The Canadian Thanksgiving long weekend is here! It’s a fantastic opportunity to get together with family and friends to enjoy some quality time, rest and relaxation. Along with the gatherings, and in line with tradition, we can also expect to see tables heaped with delectable food and seasonal treats. Here are some tips to help your waistline and healthy lifestyle program survive the holiday!

1. Portion Control. Naturally, all of us will want to participate in enjoying the delicious treats on offer this weekend. Avoiding the pumpkin pie completely is an option, but it may also leave you with a ‘bad taste’ (so to speak) in your mouth, as depriving yourself completely on a special holiday can result in resentment for your diet plan, and make it less likely that you’ll stick with it in the long term. On a special occassion, consider allowing yourself that special treat in a smaller portion (eg half the usual size), so that you can enjoy that special something in moderation.

For those of you who are calorie counting: 1/6 of an 8″ comercially prepared pumpkin pie (109g per slice) contains about 229 calories, though this can certainly vary substantially depending on the recipe.

2. Use a Smaller Plate. Studies show that the larger the plate we serve our meals on to, the larger the number of calories that are consumed. This is simply due to the fact that more food can be accomodated on a larger plate – no one likes the look of a plate that does not appear full. Consider using a portion control plate such as The Diet Plate to help you portion your meal components appropriately, or alternatively, grab a lunch plate to serve up your meal and forgo the larger dinner plate.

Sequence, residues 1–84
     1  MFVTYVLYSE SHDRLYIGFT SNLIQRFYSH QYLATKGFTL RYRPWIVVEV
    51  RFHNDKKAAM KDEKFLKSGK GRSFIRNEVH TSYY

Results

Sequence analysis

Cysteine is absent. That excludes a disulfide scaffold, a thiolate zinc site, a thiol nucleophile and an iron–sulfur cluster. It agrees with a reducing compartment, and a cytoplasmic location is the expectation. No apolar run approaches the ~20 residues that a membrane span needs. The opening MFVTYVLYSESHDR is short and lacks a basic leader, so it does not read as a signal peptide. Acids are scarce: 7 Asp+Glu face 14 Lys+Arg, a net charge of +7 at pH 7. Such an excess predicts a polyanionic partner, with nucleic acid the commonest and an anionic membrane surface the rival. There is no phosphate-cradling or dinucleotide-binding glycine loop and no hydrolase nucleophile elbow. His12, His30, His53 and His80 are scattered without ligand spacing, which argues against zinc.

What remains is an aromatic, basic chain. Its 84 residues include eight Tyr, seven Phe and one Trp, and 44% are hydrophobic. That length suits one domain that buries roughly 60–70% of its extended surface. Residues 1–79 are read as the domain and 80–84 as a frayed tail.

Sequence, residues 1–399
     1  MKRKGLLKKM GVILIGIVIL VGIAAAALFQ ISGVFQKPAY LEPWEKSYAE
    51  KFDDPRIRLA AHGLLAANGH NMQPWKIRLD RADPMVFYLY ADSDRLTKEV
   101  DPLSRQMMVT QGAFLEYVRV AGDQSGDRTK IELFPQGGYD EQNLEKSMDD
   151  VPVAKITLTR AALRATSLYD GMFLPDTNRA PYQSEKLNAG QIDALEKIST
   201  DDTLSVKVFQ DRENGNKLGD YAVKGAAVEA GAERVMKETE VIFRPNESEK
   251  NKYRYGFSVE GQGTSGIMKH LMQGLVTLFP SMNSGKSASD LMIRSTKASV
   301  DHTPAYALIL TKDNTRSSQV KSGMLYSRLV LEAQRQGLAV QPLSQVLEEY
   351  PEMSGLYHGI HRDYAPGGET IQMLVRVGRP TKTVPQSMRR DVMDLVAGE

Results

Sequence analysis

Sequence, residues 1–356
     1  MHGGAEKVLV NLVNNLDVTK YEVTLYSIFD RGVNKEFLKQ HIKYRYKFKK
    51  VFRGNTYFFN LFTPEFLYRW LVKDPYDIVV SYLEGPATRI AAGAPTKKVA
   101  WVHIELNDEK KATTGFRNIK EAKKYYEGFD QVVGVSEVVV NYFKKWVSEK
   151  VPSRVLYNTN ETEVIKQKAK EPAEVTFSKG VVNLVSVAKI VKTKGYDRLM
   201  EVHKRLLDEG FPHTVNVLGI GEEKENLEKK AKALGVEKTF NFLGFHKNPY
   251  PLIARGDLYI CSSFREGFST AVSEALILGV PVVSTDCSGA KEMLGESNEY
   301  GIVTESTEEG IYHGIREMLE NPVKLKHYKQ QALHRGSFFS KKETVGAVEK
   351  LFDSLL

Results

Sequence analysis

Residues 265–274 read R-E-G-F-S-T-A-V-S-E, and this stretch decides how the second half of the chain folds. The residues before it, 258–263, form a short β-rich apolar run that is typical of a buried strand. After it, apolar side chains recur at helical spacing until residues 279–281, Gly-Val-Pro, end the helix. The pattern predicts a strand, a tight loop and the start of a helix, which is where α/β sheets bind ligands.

3. Pass on the Sauces (or Dip the Tip). Salad dressings and gravies are two examples of high calorie additions to a meal. There are 130 calories in one tablespoon of oil, for example – that is over 10% of the total daily caloric intake recommended for the typical woman who is trying to lose weight – and nothing has actually been eaten yet! A salad dressing that contains a lot of oil can therefore add a lot of calories to your day. Gravies are another big offender, as it is very difficult to know how much fat or how many calories they contain, and they are often prepared with the fat drippings from the bird or roast being prepared.

An alternative to skipping the sauces completely is to have a small bowl of the sauce on the side, in which you can dip the tip of your fork before piercing the food. That way, you still get the taste sensation, without a heap of accompanying calories.

4. Festive Foul: Remove the Skin! Poultry, such as turkey, is often served at Thanksgiving dinners, and is actually a very healthy, protein rich, low fat food source. The skin of a bird, however, can be crispy and delicious but also contains a lot of calories from fat (particularly for duck or chicken). Removing the skin will cut your calories substantially. Also, go for the white meat rather than the dark meat to ensure you are getting the leanest meat possible (for example, there are 20% more calories in dark turkey meat than in light meat).

5. Take Only One Serving, and Eat Slowly! The festive family gatherings are much like a buffet-type meal: the food sits on the table for the duration of the meal, and it is accepted (and in many cases, expected!) to take several helpings. Eating slowly is a great way to combat the tendency to take twice. Fullness hormones first take effect after 10-15 minutes, so be sure to give yourself at least 15 minutes after you finish your first helping before you consider a second – most often, you’ll find that you have changed your mind and no longer need the additional serving. Eating slowly also means that you are likely to still have food on your plate when second helpings are offered; this enables you to politely say that you are not ready for seconds yet, without affending your hosts. By the time others are finished their second helping, you will be finished your first, and the fact that you didn’t go back for seconds will be unlikely to register!

Happy Thanksgiving!!

Dr Sue Pedersen © 2010

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